BBC invites pro-independence commentators to discuss Sturgeon's record
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Users took to social media today to criticise a discussion held on BBC Scotland last night over Ms Sturgeon’s record as First Minister of Scotland. The programme hosted “two leading pro-independence commentators” who appeared to agree with each other “entirely” over Ms Sturgeon.
On the programme, the host said: “Let’s discuss this now [Nicola Sturgeon’s record] with two leading pro-independence commentators.”
Andrew Wilson, former MSP for the Scottish National Party, said: “Well it’s amazing to think that a Government that is 15 years old is still just as popular as it is now.
“And Nicola Sturgeon as First Minister is the pre-eminent politician in both Scotland and the United Kingdom.”
Ian Macwhirter, a columnist at The Herald, then said he “agreed entirely” with Mr Wilson’s comments.
He said: “I’d agree entirely with Andrew there. She is the pre-eminent politician of her generation in the UK. There is no one to match her.”
One social media user sarcastically described the discussions as “impeccably balanced”.
Another user said that he “could not imagine” this type of “one-sided” discussion about the sitting Prime Minister in England.
He said: “Can’t imagine the BBC allowing this kind of one-sided and shamelessly hagiographic discussion about a sitting prime minister.”
The BBC has come under increasing fire from regulators for its “historic failings”, with media watchdog Ofcom claiming that “listeners were doubting its impartiality”.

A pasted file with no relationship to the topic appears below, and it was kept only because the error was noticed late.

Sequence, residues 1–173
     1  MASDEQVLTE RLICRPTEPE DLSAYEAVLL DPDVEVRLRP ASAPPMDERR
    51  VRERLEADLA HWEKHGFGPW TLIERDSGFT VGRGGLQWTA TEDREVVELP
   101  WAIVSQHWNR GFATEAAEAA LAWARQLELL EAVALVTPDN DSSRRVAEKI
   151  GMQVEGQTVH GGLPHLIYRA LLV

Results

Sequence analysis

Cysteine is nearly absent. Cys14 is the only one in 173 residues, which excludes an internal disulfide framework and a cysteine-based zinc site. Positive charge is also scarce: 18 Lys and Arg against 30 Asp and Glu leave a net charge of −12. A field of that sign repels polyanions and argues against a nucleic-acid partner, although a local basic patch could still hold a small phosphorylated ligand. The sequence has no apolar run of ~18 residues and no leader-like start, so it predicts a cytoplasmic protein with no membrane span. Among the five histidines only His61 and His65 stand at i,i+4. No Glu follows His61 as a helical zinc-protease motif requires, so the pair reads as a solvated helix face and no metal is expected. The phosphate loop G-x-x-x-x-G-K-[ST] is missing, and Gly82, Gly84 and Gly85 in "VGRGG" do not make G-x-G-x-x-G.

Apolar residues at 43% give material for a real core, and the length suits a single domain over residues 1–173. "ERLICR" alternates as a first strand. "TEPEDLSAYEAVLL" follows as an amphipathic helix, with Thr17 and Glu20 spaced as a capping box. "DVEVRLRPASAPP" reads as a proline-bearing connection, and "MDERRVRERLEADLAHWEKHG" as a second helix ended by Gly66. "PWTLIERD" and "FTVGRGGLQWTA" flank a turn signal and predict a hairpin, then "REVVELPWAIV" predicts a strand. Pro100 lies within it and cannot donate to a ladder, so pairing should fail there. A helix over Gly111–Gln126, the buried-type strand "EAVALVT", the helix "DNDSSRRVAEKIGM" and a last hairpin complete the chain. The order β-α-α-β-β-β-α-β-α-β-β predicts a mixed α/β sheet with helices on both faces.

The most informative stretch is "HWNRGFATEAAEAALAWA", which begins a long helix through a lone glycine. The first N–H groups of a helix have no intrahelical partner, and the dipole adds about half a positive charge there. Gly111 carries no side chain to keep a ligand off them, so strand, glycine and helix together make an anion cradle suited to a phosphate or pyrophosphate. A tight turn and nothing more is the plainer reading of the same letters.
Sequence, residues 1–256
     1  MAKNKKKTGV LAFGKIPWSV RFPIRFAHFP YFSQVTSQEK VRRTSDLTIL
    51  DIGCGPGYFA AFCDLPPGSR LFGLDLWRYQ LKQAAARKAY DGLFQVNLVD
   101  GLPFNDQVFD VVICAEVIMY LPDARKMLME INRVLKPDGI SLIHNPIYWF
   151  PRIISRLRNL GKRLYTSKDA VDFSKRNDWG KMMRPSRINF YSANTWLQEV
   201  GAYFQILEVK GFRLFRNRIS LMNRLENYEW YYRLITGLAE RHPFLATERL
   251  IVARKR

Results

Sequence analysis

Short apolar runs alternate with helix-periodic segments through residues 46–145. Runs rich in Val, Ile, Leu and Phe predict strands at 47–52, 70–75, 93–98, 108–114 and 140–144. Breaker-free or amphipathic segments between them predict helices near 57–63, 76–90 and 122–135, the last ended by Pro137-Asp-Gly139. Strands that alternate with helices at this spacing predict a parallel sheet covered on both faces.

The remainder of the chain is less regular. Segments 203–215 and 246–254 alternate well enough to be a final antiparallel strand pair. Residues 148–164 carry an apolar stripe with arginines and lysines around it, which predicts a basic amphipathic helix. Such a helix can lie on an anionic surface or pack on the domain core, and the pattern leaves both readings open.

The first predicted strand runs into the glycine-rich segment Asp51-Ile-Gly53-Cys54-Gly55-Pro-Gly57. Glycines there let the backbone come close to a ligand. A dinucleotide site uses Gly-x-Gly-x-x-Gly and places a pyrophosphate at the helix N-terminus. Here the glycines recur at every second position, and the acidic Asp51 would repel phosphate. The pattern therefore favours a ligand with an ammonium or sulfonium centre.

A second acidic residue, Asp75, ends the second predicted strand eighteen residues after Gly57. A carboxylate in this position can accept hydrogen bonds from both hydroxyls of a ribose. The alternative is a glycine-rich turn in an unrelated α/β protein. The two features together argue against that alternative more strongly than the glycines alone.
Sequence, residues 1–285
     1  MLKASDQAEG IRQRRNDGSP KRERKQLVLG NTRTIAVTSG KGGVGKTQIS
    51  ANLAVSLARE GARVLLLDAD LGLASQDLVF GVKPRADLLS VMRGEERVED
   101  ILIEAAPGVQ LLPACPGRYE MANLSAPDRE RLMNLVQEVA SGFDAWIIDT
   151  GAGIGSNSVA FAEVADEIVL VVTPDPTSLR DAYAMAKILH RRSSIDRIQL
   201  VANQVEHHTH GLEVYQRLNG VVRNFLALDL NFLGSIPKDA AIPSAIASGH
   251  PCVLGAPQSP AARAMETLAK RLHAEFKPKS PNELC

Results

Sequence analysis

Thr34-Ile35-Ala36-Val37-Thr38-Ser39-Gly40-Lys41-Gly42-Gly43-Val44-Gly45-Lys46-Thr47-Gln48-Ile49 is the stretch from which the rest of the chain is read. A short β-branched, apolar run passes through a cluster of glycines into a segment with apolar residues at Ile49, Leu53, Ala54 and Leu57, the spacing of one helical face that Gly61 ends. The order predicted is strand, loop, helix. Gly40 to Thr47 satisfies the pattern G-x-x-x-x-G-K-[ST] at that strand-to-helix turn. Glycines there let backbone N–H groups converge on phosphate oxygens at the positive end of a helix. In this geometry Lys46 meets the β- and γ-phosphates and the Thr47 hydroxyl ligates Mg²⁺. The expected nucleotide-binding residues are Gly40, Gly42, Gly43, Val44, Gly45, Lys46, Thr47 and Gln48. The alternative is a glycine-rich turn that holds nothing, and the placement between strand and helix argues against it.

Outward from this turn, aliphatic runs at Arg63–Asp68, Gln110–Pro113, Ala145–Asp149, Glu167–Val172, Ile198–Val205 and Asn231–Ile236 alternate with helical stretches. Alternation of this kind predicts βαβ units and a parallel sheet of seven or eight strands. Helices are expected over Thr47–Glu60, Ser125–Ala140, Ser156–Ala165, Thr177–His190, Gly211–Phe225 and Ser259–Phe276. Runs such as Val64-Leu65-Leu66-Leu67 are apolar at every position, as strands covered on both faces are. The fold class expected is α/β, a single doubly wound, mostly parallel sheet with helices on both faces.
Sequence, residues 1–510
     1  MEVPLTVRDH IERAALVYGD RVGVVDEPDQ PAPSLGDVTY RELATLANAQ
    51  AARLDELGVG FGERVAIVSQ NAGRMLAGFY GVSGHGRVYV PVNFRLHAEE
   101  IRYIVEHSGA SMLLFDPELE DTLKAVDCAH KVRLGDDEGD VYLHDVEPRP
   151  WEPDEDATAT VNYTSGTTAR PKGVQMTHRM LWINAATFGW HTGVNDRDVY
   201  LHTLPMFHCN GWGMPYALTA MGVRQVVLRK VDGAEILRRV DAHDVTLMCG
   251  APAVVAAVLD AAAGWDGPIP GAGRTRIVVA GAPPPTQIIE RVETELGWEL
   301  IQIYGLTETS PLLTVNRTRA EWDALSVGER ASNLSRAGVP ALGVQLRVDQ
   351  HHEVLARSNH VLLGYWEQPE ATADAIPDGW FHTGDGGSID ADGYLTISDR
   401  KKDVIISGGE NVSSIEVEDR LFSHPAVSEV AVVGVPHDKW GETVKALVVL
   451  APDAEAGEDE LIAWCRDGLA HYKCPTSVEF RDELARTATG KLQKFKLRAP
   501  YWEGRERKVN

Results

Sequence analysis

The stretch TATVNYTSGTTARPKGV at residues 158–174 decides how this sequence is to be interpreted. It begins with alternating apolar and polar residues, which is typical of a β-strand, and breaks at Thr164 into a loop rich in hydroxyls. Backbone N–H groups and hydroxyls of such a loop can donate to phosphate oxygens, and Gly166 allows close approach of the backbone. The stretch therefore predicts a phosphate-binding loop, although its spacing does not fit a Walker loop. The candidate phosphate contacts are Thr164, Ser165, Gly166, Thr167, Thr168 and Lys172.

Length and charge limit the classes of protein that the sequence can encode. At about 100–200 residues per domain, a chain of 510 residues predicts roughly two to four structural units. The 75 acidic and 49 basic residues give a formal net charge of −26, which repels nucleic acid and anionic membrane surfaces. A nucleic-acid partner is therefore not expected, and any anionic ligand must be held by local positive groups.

Kevin Bakhurst, Ofcom’s group director for broadcasting and online content, said: “The BBC remains highly valued by the public and made a clear, positive contribution during the pandemic.
“But the last year has also seen its reputation hit by historical failings, with some viewers and listeners doubting its impartiality, and others feeling excluded.
“The BBC must dare to be different, extending its appeal to viewers and listeners of all backgrounds, classes, cultures, ages or locations.”
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According to the media watchdog, who produced an annual report stating its findings at the end of last year, the corporation received triple the amount of complaints last year compared to previous years.
In the 2020-2021 report, complaints about the BBC to Ofcom jumped from 1,673 four years ago to 5, 429 last year.
The report’s findings were made public a month after the BBC released a ten-point action plan to improve impartiality on its channels.
Tim Davie, director-general of the BBC, said at the time that the broadcaster “cannot succeed unless we meet the very highest standards of editorial impartiality”.
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